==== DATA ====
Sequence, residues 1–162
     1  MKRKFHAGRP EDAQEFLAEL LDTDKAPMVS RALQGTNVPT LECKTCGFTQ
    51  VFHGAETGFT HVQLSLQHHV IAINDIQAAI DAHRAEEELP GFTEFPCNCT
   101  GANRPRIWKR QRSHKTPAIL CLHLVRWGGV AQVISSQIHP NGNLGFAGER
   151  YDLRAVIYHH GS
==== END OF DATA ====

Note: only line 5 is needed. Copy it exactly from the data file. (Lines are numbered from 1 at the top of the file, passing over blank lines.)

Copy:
   151  YDLRAVIYHH GS